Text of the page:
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BALANCING COMPOSITION AND IMPROVISATION IN JAMES P. JOHNSON'S "CAROLINA SHOUT"

BALANCING COMPOSITION AND IMPROVISATION IN JAMES P. JOHNSON'S "CAROLINA SHOUT" Table 1. Stride Piano Style What stride takes from ragtime •  “March” bass with low octaves alternating with midrange chords •    6-bar sections called “strains,” usually three or four to a rag, built duply  1 from two-bar units •    ccasional interludes (usually 4 bars), often introducing new strains O •  Modulation (often to the subdominant) at the “trio”  What stride adds to ragtime •  Faster tempo and harmonic rhythm •  “Tricks” (flashy techniques) •  Non-doubled notes and occasional tenths in the bass  •  Bluesier “crush” tones •  “Shouts” (shorter ideas probably derived from the ring-shout)  •  More linear melodies with less syncopated ragtime “pivoting”  •  Introduction of “backbeats” or “change-steps” in the bass the blues, and the ring shout. From the blues, stride took blue notes (or bent tones) and used note clusters to approximate them. From solo piano ragtime,2 stride took formal structures and basic harmonic and textural elements. From the ring shout, a dance of African origin (see Stuckey 1987), stride took its exciting affect, call-and-response formulas, short melodic patterns, and “groove.” These and other relationships between ragtime and stride are summarized in Table 1.3 The fusion of these three genres created a form characterized by Brown as consisting of “short, repeated refrains.” Brown also notes that these short refrains are subject to “variations” often based on “patterns” (1986, 21). His use of the words “variations” and “patterns” is significant, as we shall see. The Thematic Block I begin by proposing a simple method of evaluating a formal section, or strain, of a stride work. Strains are sixteen bars long, usually having an extremely http://www.deepdyve.com/assets/images/DeepDyve-Logo-lg.png Journal of Music Theory Duke University Press

BALANCING COMPOSITION AND IMPROVISATION IN JAMES P. JOHNSON'S "CAROLINA SHOUT"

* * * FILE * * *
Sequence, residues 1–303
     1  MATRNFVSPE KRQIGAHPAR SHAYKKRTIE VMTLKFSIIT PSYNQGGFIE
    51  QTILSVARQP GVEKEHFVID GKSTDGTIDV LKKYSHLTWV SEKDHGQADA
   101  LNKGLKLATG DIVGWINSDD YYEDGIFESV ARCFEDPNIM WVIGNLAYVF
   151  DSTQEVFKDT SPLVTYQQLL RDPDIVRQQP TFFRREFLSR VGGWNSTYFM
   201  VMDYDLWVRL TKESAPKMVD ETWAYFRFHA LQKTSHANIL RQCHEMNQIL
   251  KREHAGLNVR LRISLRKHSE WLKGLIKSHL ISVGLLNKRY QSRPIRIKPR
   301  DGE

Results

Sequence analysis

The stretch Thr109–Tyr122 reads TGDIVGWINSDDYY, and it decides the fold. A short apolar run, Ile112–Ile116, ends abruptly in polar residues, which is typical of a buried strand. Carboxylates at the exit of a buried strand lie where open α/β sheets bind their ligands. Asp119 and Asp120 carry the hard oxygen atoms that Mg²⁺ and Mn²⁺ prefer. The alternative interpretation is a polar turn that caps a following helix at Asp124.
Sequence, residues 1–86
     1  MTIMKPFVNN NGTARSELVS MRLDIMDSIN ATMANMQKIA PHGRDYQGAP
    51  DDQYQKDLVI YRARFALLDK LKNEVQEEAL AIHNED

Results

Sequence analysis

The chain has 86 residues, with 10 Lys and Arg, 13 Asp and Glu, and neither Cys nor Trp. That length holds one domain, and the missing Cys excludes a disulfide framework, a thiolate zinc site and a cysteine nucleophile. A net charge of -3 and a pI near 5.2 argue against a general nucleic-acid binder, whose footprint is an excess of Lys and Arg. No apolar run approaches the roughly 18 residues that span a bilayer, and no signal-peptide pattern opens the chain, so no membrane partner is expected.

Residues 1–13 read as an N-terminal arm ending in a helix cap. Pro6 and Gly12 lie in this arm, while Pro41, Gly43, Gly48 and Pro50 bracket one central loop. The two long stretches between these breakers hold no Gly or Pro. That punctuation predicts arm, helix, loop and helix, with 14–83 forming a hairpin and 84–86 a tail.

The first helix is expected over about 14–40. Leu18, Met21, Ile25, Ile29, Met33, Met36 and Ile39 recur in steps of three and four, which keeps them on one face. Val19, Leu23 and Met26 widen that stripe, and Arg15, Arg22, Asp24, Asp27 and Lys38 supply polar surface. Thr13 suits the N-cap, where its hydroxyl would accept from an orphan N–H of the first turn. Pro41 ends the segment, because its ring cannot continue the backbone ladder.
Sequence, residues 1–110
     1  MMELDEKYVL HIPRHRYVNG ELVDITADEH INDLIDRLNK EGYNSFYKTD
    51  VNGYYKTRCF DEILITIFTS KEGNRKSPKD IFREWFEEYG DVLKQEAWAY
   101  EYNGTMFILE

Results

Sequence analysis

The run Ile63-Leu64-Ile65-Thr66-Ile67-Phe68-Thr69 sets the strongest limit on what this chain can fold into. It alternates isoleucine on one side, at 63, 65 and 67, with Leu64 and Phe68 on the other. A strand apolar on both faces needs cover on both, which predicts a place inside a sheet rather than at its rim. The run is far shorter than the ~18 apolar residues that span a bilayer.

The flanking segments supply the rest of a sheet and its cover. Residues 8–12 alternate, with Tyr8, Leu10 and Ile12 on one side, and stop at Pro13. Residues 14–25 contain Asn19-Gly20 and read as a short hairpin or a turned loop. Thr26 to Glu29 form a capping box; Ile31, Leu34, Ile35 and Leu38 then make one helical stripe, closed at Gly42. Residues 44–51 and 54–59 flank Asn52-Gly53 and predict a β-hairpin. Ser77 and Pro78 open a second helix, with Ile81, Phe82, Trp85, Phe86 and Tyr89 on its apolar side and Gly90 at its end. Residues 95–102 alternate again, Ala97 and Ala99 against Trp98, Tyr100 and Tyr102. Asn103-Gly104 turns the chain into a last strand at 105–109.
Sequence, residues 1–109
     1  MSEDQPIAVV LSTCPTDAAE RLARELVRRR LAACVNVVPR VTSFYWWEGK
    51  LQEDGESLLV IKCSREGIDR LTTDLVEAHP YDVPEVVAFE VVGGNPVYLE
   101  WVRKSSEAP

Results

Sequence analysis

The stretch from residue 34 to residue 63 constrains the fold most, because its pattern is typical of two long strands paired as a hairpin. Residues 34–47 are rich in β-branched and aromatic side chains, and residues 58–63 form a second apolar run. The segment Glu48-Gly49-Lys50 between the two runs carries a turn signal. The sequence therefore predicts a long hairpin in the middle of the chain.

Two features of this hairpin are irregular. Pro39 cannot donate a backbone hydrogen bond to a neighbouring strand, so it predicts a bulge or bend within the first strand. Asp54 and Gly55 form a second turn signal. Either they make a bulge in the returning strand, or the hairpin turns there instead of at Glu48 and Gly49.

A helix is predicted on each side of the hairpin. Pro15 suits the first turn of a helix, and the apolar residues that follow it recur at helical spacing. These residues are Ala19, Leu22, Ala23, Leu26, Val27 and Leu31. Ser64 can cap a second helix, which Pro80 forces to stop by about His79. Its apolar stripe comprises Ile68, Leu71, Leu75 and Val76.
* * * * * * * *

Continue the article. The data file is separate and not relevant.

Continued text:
Journal of Music Theory , Volume 49 (2) – Jan 1, 2005

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Publisher
Duke University Press
Copyright
Copyright 2005 by Yale University
ISSN
0022-2909
eISSN
1941-7497
DOI
10.1215/00222909-009
Publisher site
See Article on Publisher Site

Abstract

Table 1. Stride Piano Style What stride takes from ragtime •  “March” bass with low octaves alternating with midrange chords •    6-bar sections called “strains,” usually three or four to a rag, built duply  1 from two-bar units •    ccasional interludes (usually 4 bars), often introducing new strains O •  Modulation (often to the subdominant) at the “trio”  What stride adds to ragtime •  Faster tempo and harmonic rhythm •  “Tricks” (flashy techniques) •  Non-doubled notes and occasional tenths in the bass  •  Bluesier “crush” tones •  “Shouts” (shorter ideas probably derived from the ring-shout)  •  More linear melodies with less syncopated ragtime “pivoting”  •  Introduction of “backbeats” or “change-steps” in the bass the blues, and the ring shout. From the blues, stride took blue notes (or bent tones) and used note clusters to approximate them. From solo piano ragtime,2 stride took formal structures and basic harmonic and textural elements. From the ring shout, a dance of African origin (see Stuckey 1987), stride took its exciting affect, call-and-response formulas, short melodic patterns, and “groove.” These and other relationships between ragtime and stride are summarized in Table 1.3 The fusion of these three genres created a form characterized by Brown as consisting of “short, repeated refrains.” Brown also notes that these short refrains are subject to “variations” often based on “patterns” (1986, 21). His use of the words “variations” and “patterns” is significant, as we shall see. The Thematic Block I begin by proposing a simple method of evaluating a formal section, or strain, of a stride work. Strains are sixteen bars long, usually having an extremely

Journal

Journal of Music TheoryDuke University Press

Published: Jan 1, 2005

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